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Old 05-10-08, 05:04 PM   #1
kudude
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enduro hardtail?

I'm looking to get a mountain bike, and found this:

http://sfbay.craigslist.org/eby/bik/675739178.html

anyone ever heard about it? I was staying away from the enduro FSR because I'll be doing XC mostly and want something that climbs, but I can't find any info on this bike. Can anyone here help me?
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Old 05-10-08, 05:12 PM   #2
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Looks like a scam.

EDIT: Did some more research, and found that it's real. So nevermind.

http://www.mtbr.com/reviews/Bike_har...ct_72859.shtml
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Old 05-10-08, 08:39 PM   #3
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thanks for doing the research. I'm going to look at it tomorrow. He says it has a manitou minute fork on it, but I'm wondering if it will be ok for a lot of XC and singletrack riding. People seem to think of it as a DH HT, but if it's not too heavy, I'm hoping I'll be able to climb on it.....
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Old 05-10-08, 08:45 PM   #4
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thanks for doing the research. I'm going to look at it tomorrow. He says it has a manitou minute fork on it, but I'm wondering if it will be ok for a lot of XC and singletrack riding. People seem to think of it as a DH HT, but if it's not too heavy, I'm hoping I'll be able to climb on it.....
Okay, so the last reincarnation of the bike is 2001, which means that the bike is AT LEAST 7 years old. Check for wear in the drivetrain, and of course, cracks in the metal. IIRC, the minute fork is one that has "infinitely adjustable travel", so for XC, you should be able to crank it down to 100mm and climb.

However, some of the forums indicated that the enduro is more of a beefy hardtail than a XC machine, so I wouldn't expect it to be very light.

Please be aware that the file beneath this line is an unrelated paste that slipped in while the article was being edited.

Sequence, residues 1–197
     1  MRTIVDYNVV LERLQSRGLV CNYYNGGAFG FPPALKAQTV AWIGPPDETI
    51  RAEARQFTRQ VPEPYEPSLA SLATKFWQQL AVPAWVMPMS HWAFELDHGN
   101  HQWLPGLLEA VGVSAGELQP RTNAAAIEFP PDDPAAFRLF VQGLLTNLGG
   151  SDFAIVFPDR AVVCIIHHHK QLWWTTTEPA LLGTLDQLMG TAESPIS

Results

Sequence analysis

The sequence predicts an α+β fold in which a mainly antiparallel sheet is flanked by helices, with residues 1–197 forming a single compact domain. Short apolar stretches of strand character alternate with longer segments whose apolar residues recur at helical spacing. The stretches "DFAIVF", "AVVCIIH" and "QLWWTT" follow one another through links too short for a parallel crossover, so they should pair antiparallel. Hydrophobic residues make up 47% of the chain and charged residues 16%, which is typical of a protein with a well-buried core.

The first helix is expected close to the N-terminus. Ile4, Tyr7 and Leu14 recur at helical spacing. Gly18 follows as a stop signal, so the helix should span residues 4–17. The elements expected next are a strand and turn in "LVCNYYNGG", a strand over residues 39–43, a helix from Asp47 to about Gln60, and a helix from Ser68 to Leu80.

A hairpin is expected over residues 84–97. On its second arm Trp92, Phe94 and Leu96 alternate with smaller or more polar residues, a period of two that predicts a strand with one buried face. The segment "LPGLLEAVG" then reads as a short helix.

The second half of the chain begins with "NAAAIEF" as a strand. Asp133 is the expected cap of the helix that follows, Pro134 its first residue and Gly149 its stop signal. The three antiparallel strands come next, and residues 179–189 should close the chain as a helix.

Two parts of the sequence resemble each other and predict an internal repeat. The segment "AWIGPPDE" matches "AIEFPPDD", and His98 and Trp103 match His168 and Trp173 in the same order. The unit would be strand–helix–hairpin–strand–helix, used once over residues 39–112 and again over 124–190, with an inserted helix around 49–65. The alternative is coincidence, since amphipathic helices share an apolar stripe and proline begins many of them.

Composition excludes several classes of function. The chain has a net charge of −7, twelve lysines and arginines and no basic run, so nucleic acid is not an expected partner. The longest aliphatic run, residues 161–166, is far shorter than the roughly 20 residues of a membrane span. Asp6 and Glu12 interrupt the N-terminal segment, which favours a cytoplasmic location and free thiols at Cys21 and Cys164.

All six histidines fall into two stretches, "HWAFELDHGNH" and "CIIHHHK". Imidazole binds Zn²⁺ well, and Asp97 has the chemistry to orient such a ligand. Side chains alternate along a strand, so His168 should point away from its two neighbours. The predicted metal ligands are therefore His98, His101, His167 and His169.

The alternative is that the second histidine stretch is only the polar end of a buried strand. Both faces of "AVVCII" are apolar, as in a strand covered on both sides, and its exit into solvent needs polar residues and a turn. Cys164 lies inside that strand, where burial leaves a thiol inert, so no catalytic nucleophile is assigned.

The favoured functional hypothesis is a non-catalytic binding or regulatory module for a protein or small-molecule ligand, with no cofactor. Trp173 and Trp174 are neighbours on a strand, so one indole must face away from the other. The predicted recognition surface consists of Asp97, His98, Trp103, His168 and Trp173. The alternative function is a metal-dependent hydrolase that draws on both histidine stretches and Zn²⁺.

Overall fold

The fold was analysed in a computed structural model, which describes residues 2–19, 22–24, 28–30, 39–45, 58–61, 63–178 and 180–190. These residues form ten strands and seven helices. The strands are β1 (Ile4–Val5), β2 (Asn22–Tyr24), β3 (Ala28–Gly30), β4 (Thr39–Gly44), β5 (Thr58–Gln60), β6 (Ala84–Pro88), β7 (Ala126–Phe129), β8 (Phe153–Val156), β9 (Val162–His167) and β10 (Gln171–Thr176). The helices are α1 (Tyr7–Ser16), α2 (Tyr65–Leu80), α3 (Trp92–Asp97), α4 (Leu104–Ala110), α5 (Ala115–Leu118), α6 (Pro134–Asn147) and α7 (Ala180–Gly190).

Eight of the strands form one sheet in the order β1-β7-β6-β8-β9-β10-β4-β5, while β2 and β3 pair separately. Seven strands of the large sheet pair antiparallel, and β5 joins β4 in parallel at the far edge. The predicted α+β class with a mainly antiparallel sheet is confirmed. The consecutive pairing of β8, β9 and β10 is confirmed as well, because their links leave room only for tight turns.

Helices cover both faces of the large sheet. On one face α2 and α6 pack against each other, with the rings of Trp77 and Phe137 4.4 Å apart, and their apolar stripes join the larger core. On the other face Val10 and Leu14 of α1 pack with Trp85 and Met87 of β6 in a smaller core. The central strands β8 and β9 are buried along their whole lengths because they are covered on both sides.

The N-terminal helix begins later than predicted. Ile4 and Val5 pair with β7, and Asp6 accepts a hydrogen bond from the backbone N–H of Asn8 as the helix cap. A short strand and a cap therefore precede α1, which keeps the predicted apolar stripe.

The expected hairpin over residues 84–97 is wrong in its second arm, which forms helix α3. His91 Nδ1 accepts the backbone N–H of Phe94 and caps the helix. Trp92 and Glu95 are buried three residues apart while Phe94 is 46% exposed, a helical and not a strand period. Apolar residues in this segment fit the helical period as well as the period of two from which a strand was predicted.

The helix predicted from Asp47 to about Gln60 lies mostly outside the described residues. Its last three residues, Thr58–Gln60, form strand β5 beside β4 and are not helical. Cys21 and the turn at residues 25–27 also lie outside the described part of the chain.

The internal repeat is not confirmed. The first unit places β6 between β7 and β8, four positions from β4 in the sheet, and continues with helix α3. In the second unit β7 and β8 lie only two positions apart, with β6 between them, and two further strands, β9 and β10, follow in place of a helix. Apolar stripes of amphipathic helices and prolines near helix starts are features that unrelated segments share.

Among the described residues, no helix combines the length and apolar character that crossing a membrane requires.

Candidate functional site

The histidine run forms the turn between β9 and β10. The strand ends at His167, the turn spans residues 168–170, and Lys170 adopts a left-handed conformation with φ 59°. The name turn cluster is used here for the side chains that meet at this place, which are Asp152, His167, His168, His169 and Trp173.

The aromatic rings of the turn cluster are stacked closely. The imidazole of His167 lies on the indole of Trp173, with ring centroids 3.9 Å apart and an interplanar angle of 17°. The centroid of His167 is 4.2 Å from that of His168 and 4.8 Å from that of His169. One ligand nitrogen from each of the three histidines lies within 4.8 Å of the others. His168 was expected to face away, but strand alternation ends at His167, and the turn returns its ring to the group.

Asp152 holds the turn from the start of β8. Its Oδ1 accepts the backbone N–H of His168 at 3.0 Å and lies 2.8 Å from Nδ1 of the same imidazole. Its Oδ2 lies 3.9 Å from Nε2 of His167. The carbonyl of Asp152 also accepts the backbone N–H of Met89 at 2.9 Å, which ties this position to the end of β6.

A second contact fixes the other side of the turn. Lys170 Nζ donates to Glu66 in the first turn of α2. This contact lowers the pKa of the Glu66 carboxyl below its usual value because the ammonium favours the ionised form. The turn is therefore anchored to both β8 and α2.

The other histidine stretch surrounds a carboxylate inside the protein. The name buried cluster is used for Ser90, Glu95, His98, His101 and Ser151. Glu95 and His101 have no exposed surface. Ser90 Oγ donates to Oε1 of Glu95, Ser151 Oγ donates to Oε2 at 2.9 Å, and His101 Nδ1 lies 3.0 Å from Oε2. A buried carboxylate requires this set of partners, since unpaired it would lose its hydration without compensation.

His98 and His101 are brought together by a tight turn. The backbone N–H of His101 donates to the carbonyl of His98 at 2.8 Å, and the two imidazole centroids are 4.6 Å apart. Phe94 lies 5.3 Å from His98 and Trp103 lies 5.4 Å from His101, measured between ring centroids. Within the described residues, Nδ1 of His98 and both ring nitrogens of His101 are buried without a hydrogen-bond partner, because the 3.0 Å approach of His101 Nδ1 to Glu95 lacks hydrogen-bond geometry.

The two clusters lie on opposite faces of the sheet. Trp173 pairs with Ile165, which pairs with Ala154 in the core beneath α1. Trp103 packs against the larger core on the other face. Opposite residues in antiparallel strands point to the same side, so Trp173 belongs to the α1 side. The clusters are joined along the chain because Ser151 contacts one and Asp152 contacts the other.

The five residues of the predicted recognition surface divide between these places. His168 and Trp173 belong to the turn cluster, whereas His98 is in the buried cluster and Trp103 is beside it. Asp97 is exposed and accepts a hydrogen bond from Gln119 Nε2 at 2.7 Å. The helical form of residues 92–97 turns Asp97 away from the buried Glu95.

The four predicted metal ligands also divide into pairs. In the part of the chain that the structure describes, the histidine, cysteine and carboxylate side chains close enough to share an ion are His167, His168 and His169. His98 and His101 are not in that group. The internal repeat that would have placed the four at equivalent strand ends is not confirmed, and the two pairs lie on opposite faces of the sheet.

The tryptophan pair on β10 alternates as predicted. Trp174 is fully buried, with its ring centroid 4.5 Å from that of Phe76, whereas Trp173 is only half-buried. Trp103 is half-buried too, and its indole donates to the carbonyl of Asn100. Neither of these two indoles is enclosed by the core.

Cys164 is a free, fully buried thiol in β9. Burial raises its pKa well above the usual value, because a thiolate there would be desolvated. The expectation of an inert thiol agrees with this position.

Lastly, don't pay $500 for it.
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Old 05-10-08, 09:25 PM   #5
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$500 is too much? what would you pay? anything specific I should look for assuming it's in decent shape?

thanks again
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Old 05-10-08, 11:46 PM   #6
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7 years old... I wouldn't pay more that $200-$250.

Reason # 1. You can buy a basic but decent brand new hardtail for a few hundred more,
Reason #2 if it's a Pro bike he may have been really rough on it over the years,
Reason #.3 because it's a hardtail (no rear shock)

Take a look at Specialized.com and look at the more basic models available for a comparison. Bikes have come a long way in the past five years and are made with better materials and components nowadays, another option before you plunk down that cash is to check your local bike shops for used bikes. More than likely you will at least get something tuned and tested.
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Old 05-11-08, 12:02 AM   #7
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Check out the Hardrock, HRXC and Rockhopper at Specialized.com you might like what you see.

The components may be better on that used bike but they will have wear and tear. My friend bought a used "Pro" bike off a friend and ended up dumping $250+ into getting it into shape. That's after the $1000 she paid for it!

Don't mean to burst your excitement bubble, but a little research may save you a big waste of money. Make sure you test ride the bike too, if it's not a comfortable fit you'll have issues later. Try it on a little uphill if you can and go through ALL the gears (shifting) to see if they're smooth, jumpy or noisy. Lookout for rust on the chain.
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Old 05-11-08, 09:59 AM   #8
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7 years old... I wouldn't pay more that $200-$250.

Reason # 1. You can buy a basic but decent brand new hardtail for a few hundred more,
Reason #2 if it's a Pro bike he may have been really rough on it over the years,
Reason #.3 because it's a hardtail (no rear shock)

Take a look at Specialized.com and look at the more basic models available for a comparison. Bikes have come a long way in the past five years and are made with better materials and components nowadays, another option before you plunk down that cash is to check your local bike shops for used bikes. More than likely you will at least get something tuned and tested.